Hell’s Kitchen Groups Gather to Snack and Strategize
BY DUSICA SUE MALESEVIC | The wind whipped and wreaked cold havoc upon Hell’s Kitchen throughout Monday evening, but it did not deter neighbors from coming together for their annual winter gathering.
On Feb. 13, members of the Hell’s Kitchen Commons — a loose alliance of area park and block associations — met at the Landmark Tavern (626 11th Ave., at W. 46th St.) to celebrate, connect with their neighbors, and warm themselves by imbibing spirits and snacking on appetizers.
The gathering attracted longtime members of the individual community groups as well as people looking to get involved.
Christine Mower has lived on W. 45th St. for 23 years, and was prevented from participating in community work due to working nights, she said. Now that she is retired, she is eager to take part and meet more neighbors.
“I’ve always wanted to come here [for the gathering],” she said. “I’m anxious for meetings to begin.”
Mower told Chelsea Now that when she sees graffiti in the area, she paints over it. She would also like to see work begin on the Mathews-Palmer Playground (W. 45th & W. 46th Sts., btw. Ninth & 10th Aves.), which she said “looks toxic for children.”
Another newcomer was Kyle Struck, who has been living for seven years on W. 45th St. Struck said a good friend in her building told her about the gathering. “It seemed like a good opportunity to check it out,” she said. “It’s a natural step to become more involved.”
Mower and Struck were welcomed by longtime members like Janet Restino, an artist who has lived in the neighborhood at W. 45th St. and Eighth Ave. since 1992, and has been working on local issues for more than 15 years.
“I really like my neighbors,” Restino said. “It’s a great way to feel connected.”
Restino, a spoken word artist and singer who also writes, has performed at Mathews-Palmer Playground, and at various street festivals.
For Restino, the main issue the community faces moving forward is the Port Authority of New York and New Jersey’s controversial plan to replace their aging bus terminal at 625 Eighth Ave. (btw. W. 40th & 42nd Sts.).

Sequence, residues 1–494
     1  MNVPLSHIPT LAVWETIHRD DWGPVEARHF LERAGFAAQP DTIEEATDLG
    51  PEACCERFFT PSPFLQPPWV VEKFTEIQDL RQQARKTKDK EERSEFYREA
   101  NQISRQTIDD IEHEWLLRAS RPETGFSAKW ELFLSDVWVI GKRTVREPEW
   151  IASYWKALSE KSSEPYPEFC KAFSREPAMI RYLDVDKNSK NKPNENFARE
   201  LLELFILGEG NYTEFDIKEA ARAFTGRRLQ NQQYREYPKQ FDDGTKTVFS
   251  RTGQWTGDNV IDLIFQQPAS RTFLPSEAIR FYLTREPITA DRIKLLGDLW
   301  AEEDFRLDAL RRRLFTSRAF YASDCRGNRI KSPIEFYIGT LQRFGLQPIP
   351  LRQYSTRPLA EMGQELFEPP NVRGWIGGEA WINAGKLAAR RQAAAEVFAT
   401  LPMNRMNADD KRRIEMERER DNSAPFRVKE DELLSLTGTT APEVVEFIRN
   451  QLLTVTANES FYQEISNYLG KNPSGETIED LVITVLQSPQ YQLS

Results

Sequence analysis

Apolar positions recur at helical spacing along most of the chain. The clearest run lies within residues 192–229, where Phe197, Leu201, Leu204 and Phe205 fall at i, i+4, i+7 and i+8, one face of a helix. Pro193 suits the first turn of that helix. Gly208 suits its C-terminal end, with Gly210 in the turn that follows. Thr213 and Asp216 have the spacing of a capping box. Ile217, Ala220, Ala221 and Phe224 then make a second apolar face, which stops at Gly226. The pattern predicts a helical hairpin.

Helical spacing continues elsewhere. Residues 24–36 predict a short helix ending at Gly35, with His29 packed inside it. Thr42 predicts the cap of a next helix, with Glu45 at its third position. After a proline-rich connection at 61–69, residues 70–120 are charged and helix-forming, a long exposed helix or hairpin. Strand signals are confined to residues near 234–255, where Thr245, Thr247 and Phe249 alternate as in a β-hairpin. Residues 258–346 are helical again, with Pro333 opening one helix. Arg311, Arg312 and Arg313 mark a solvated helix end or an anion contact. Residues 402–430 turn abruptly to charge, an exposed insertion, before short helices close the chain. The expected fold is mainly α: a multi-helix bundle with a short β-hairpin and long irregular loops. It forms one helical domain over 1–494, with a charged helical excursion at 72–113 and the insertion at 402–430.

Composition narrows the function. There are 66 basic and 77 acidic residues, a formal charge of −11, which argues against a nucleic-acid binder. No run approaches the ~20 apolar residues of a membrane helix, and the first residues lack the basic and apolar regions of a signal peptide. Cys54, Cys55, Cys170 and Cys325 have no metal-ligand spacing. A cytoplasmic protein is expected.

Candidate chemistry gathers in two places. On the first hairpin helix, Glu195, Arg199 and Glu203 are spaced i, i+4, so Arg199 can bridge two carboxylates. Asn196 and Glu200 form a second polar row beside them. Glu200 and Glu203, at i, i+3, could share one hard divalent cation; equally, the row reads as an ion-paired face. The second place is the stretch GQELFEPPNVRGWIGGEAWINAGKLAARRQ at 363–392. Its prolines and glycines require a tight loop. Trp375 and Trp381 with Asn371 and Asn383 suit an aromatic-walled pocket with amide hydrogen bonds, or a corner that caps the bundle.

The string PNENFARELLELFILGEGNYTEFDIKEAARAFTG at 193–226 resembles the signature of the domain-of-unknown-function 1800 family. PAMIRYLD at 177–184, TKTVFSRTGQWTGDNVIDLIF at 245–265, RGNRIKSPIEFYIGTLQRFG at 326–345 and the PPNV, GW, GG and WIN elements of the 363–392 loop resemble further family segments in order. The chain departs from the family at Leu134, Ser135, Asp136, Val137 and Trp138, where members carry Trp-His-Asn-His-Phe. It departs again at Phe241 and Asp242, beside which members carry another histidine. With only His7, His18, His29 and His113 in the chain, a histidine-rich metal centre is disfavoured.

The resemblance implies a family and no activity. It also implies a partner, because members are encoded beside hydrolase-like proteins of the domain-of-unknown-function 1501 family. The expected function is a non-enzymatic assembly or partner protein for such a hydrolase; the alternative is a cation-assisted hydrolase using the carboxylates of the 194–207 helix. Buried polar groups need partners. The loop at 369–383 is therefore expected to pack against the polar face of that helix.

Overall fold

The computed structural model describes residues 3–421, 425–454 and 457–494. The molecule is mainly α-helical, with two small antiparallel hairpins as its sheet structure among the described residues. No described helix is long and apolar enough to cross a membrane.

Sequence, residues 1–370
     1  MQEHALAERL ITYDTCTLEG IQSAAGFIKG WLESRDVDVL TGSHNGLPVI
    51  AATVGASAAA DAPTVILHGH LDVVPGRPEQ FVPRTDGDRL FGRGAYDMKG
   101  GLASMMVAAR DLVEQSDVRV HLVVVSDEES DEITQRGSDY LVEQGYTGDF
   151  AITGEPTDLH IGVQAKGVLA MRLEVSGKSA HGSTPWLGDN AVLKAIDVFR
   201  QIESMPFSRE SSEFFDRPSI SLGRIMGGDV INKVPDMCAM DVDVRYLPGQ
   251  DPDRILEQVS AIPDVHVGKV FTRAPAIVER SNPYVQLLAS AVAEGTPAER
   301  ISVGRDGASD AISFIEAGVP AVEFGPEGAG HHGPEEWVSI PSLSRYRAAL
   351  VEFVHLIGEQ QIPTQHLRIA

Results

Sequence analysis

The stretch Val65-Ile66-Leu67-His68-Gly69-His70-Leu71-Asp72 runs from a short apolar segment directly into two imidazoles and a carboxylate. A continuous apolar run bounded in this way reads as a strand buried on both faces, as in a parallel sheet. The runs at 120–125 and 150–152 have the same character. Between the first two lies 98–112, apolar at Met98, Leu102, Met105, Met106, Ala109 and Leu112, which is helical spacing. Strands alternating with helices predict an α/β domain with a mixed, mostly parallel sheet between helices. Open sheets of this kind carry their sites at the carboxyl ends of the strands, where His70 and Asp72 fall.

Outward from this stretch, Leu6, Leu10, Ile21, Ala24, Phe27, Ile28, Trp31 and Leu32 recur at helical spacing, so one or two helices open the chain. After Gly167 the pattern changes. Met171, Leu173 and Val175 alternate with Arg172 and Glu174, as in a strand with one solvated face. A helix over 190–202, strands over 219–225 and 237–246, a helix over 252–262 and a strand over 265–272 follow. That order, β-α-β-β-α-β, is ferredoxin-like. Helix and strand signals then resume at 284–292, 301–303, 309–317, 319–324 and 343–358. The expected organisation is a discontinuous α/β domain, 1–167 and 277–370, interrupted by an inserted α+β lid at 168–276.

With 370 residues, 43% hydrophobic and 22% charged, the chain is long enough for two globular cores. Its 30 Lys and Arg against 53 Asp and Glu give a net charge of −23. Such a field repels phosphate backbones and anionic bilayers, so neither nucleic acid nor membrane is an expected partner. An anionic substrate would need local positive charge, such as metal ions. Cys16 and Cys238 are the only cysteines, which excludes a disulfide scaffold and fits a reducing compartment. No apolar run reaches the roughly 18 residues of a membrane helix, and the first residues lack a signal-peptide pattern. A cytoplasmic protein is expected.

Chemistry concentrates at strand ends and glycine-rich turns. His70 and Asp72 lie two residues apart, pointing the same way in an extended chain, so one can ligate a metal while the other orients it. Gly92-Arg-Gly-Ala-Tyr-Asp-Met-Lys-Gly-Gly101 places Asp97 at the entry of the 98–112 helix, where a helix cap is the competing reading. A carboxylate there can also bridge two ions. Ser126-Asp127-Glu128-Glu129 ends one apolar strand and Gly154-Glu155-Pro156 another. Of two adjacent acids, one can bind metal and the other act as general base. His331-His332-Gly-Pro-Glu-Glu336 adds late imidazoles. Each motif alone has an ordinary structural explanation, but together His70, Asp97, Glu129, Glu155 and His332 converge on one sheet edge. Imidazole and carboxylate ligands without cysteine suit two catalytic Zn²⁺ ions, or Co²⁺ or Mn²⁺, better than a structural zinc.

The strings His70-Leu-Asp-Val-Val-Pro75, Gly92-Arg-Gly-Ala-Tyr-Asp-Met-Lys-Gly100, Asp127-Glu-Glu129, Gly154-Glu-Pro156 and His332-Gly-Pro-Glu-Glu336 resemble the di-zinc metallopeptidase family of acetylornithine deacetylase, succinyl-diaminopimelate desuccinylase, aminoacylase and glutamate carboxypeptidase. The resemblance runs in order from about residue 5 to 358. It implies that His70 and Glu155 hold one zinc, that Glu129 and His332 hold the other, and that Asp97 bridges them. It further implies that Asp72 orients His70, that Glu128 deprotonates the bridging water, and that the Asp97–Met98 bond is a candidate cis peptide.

“What they are going to do? Who are they going to displace?” Restino asked.
Restino is also concerned that the “overwhelming number of high-rises [is] choking us.”
Timothy Tanner, co-chair of the West 45th Block Association (which covers the area between Eighth and Ninth Aves.) agreed, saying, “It’s luxury towers coming in and dominating the neighborhood.”
Tanner moved to the neighborhood in 1998, and remembers a different landscape of local businesses that included a shoe repair shop, and stores that specialized in cheese and ravioli.
Now, “every new business that comes in is a bar. We need the political will to oppose liquor licenses,” said Tanner, calling the State Liquor Authority a rubber stamp.
Tanner said Hell’s Kitchen is becoming less of a family neighborhood, a concern for him as he has four- and two-year-old kids, and another child on the way.
Tanner’s co-chair, David Stuart, told Chelsea Now that he has been a part of the block association for about six years, and making sure that the tree beds on his block are maintained is a goal of theirs.
“We’ve expanded all the tree beds,” Stuart said. “Every year we plant flowers in the spring — just a way to keep the block looking nice.”
Stuart said it is great to work with the surrounding block associations, and that he pitched in on the effort to redesign the park to make it modern and safer.
NYC Parks Department Manhattan Borough Commissioner William T. Castro cited in an email statement to Chelsea Now the work and advocacy of former Council Speaker Christine Quinn, Councilmember Corey Johnson, Community Board 4, and the W. 45th/W. 46th block associations for the groundbreaking that is expected to start in April. The project received $1.8 million from Quinn and $760,000 from Johnson.
Hell’s Kitchen Commons, via its associated groups, organizes events and programming at the park that has included screening of films and documentaries, exercise classes, and play readings with the Irish Arts Center.
Chana Widawski of Hell’s Kitchen Commons said she looks forward to the programming in the park starting again when the weather warms up. Widawski said a new website is in the works that she hopes will encourage the community to come up with ideas about public spaces.
“The idea is to activate all our parks and public space,” she said. “This neighborhood is so rich in characters and talent and good ideas.”
Amanda Talarico, who does marketing for the Irish Arts Center, said she came to the event to get to know the community better.
“Sometimes I feel like in Hell’s Kitchen we don’t talk to one another,” Talarico said.
Allison Tupper, a longtime Hell’s Kitchen resident, found the packed Landmark Tavern — people were watching the Westminster Dog Show — an impediment to talking to her neighbors.
“I like to see my neighbors, but the place is so crowded. Everyone is crashing our party,” she said with a laugh.
Tupper, of the West 46th Street Block Association, has been working with many others to restore Arnold Belkin’s mural called “Against Domestic Colonialism” at the playground. The mural is “an important part of the neighborhood’s history,” she said.
The building needs to repair the wall, she said, and then the restoration can take place. The restoration will take about two or three weeks, and work will either happen before or after the summer so that kids can enjoy the space, Tupper said. Fundraising efforts are ongoing. According to Tupper, about $40,000 has been raised of the estimated $80,000 necessary to complete the project.
For the Hell’s Kitchen Neighborhood Association, visit hknanyc.org. Also visit mathews-palmer-playground-mural-arts-program.com. Visit crowdrise.com/mathewspalmerplaygro1/fundraiser/allisontupper to help with the mural project. Email Hell’s Kitchen Commons at firstname.lastname@example.org.